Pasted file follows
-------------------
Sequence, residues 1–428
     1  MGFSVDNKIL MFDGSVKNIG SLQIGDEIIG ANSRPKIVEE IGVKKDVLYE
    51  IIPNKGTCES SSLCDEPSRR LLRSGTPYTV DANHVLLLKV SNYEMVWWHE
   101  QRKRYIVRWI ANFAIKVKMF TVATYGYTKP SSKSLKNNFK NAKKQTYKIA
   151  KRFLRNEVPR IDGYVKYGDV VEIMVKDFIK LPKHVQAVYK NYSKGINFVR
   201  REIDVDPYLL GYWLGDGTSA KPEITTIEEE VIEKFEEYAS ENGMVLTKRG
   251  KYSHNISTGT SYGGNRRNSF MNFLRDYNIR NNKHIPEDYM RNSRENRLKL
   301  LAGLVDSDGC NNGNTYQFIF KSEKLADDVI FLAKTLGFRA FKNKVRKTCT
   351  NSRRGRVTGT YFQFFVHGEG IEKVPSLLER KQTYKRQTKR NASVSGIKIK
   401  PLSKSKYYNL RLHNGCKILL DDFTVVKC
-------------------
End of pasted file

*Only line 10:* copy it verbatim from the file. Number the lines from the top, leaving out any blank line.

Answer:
   401  PLSKSKYYNL RLHNGCKILL DDFTVVKC